Other metadata, such as geographical presence and tree topology is stored in other entities and linked to individual languages by means of unique identifiers. A geographical presence entry for a language comprises a geographical area (in the form of a multipolygon) and a timeframe as its attributes, and is sourced. Such a multipolygon can be downloaded in order to be edited or used in another source. The geographical data points currently in the database have been georeferenced from analogue maps using ArcGIS.

3.3. Section Typology

DiACL Typology/ Eurasia is organized under a separate section of the database, Typology, the design of which is shown in Fig 4 (all tables related to typology have the prefix Typo). In the typology subsection, only attested languages have data (due to the uncertainties connected with typological reconstruction). The tables TypoGrid, TypoFeature, and TypoVariant encapsulate the hierarchy of typological data, described under 2.3. above. As an example, the main category “Nominal morphology” is defined in TypoGrid, with a subcategory “Case marking” in TypoFeature, with a variant “Case marking obligatory on noun”. Even though Grids refer to universal categories, such as word order, they are constrained to a FocusArea, to allow for macro-area specific typological hierarchies. A data point constitutes a value for a variant in a particular language. Such data points are recorded in the table TypoVariantValue. Values are Boolean–i.e., to be read as true/false, yes/no, or present/absent. A data point is mandatorily and individually linked to a source, so that no data point can be unsourced. Examples and further notes can also be recorded for a data point. When no data is available in a language for a typological variant, there will simply not be an entry for it in TypoVariantValue. In all, the data set DiACL Typology/ Eurasia consists of 17,009 data points, which constitute the majority of the 21,203 data points of the typology section of DiACL (see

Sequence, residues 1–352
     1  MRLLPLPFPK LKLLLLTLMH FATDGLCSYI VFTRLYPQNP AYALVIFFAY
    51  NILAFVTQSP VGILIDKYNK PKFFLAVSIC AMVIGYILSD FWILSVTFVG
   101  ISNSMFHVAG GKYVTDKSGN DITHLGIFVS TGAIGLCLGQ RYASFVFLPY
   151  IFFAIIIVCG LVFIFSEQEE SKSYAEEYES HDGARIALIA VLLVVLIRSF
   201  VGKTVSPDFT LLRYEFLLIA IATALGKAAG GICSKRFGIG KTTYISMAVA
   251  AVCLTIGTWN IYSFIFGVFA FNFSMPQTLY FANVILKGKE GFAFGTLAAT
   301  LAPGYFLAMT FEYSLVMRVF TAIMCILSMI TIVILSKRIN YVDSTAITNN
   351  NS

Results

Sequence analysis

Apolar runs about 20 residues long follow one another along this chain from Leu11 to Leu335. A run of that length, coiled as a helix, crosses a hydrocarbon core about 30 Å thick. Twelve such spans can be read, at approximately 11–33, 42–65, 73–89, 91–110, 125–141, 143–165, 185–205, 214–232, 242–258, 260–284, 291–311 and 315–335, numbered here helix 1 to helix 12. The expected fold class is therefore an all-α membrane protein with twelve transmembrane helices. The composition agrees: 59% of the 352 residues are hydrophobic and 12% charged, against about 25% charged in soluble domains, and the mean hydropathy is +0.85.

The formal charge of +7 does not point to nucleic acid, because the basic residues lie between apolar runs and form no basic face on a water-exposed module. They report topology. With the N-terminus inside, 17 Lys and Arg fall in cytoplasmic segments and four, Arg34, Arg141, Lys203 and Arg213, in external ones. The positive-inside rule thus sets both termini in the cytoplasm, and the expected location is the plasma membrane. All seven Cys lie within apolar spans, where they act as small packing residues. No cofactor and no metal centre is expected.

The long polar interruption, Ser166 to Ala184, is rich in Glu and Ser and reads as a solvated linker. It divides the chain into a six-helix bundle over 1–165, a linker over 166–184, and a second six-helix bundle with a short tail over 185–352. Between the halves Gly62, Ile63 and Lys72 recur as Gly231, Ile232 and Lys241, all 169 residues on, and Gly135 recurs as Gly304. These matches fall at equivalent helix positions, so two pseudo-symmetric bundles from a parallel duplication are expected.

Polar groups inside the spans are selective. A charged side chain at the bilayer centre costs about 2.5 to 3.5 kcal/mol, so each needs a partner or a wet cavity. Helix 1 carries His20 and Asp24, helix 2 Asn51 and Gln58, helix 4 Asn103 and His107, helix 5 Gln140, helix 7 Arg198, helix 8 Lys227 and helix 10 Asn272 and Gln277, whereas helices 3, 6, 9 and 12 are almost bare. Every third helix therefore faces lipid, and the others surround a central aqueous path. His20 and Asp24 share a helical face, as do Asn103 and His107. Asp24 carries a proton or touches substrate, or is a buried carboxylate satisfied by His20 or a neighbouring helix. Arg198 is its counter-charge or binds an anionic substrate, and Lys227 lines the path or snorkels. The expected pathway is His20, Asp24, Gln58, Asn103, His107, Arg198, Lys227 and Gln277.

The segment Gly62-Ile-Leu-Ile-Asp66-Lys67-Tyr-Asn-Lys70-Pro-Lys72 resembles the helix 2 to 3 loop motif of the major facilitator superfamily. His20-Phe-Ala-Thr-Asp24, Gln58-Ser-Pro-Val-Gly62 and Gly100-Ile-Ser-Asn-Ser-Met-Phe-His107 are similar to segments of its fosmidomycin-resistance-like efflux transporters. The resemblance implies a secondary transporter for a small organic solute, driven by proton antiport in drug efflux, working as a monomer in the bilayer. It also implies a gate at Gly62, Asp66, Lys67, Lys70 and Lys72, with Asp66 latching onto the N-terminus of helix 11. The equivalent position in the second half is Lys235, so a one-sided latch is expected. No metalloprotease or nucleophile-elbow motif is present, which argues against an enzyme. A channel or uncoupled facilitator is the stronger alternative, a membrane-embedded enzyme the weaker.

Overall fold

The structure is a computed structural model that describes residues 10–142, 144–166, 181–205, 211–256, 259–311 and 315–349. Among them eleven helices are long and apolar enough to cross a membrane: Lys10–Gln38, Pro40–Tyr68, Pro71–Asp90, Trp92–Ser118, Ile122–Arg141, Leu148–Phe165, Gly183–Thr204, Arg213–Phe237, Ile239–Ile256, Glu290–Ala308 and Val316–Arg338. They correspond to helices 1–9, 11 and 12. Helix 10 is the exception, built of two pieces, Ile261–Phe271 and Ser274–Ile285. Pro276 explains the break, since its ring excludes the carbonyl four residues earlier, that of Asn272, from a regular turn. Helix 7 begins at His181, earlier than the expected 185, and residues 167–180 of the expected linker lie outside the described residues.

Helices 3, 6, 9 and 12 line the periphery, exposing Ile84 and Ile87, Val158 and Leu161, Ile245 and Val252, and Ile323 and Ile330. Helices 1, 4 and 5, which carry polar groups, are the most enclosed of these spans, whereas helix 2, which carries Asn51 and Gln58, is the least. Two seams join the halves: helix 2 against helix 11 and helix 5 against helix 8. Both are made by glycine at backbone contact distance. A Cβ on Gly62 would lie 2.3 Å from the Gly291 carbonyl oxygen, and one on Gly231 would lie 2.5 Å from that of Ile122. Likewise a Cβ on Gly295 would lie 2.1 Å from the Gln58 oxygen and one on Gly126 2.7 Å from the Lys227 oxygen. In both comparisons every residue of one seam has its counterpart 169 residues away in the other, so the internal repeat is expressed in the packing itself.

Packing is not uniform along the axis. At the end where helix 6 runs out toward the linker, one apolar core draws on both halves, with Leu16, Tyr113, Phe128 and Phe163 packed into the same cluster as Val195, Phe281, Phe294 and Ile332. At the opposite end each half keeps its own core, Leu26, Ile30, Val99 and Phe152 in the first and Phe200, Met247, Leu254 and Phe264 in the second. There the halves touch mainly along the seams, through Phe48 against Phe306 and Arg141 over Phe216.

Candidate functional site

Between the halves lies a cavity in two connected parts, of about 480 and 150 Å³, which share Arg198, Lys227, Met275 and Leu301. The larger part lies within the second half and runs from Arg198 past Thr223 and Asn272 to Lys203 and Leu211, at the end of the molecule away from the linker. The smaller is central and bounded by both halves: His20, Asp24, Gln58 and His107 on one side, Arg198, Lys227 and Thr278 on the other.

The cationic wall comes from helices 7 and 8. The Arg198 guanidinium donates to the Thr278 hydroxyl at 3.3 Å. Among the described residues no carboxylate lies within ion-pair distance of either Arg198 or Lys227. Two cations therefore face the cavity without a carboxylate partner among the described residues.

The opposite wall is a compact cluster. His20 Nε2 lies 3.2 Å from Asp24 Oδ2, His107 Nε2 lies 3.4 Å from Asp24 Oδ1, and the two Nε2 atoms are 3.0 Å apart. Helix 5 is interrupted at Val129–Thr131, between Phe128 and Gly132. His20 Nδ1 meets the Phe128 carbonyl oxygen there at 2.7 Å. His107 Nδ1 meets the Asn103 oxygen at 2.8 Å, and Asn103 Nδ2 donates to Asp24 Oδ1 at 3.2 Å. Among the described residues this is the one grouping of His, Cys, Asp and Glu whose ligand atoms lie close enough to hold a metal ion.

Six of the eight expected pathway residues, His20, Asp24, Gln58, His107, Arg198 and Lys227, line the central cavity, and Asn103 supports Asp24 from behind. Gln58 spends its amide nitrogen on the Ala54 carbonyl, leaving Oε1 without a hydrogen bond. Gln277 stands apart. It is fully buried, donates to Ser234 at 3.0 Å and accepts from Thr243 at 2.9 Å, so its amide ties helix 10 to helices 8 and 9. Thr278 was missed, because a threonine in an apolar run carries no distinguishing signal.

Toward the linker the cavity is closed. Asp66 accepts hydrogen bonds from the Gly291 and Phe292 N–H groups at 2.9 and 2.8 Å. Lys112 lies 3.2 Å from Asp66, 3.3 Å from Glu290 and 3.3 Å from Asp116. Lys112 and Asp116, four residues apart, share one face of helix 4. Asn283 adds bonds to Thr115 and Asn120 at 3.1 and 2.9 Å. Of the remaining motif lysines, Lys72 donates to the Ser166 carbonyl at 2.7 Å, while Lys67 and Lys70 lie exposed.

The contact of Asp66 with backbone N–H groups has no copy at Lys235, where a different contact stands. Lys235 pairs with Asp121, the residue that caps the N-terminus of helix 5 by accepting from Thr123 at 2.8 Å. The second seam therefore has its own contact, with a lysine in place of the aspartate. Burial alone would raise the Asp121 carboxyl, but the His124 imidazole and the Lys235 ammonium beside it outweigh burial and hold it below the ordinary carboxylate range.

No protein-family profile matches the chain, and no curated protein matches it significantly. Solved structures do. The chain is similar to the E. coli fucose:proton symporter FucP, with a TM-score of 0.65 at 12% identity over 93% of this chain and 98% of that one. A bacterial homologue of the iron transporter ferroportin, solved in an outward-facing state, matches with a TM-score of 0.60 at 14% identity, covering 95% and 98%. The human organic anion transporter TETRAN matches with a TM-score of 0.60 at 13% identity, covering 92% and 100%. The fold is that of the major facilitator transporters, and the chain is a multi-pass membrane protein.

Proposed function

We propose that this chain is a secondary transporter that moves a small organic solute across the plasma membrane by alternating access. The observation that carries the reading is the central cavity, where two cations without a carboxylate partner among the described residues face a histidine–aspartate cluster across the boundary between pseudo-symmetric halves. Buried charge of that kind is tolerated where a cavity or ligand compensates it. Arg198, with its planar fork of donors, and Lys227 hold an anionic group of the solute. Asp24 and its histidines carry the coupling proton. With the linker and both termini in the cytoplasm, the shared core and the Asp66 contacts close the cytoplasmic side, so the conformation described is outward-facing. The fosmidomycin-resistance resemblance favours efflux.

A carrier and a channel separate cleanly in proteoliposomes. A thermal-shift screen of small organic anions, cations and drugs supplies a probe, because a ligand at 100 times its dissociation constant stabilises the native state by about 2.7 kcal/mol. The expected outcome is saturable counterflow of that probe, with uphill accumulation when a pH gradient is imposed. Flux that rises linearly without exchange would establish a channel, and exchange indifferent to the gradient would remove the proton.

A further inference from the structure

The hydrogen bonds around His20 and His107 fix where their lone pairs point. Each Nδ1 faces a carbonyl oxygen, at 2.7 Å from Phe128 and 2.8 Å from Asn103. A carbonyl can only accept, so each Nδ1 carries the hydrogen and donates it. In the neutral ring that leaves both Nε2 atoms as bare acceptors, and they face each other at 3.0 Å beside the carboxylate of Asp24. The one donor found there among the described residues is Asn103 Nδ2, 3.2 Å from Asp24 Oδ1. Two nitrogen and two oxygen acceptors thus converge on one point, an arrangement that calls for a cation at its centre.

Through the online interface, editors can improve and check data. Visitors have online access to individual data that can be reached via languages or features (and viewed by their geographic spread). Visitors also have access to an XML encoded extract of all typological data points within a chosen macro area (Link “Download as XML” under “Typological Grid—Index Eurasia”). The structure of the resulting XML file closely follows the data structure of the underlying section of the database (DiACL: Typology: Eurasia), containing the relevant languages, the recorded typological data points within their hierarchical context, and the sources.

3.4. Implementation

The database resides in Microsoft SQL Server 2014, making use of several of its specialized data types for recording hierarchical and geographical information. Its online interface (Fig 5) has been made in ASP.NET MVC 5 (which on the server side employs the model-view-controller architecture incorporating the repository and unit-of-work patterns). On the client side, the interface makes use of OpenLayers 3 to display maps and the jQuery library for added responsiveness. Both the database and the online interface reside on an IIS server currently hosted by the Faculty of Humanities and Theology at Lund University. The database is a SWE-CLARIN resource at Lund University (, located at the Faculty of Humanities and Theology and the Lund Humanities Lab (, a part of CLARIN (, an initiative by ESFRI ( The database is also available at SND—Swedish National Data Service ( Sustainability of the database is secured through the bodies mentioned before for the coming 10 years. Ongoing discussions aim at integrating the database with the project CLLD—Cross-Linguistic Linked Data (, hosted by Max Planck Institute for the Science of Human History (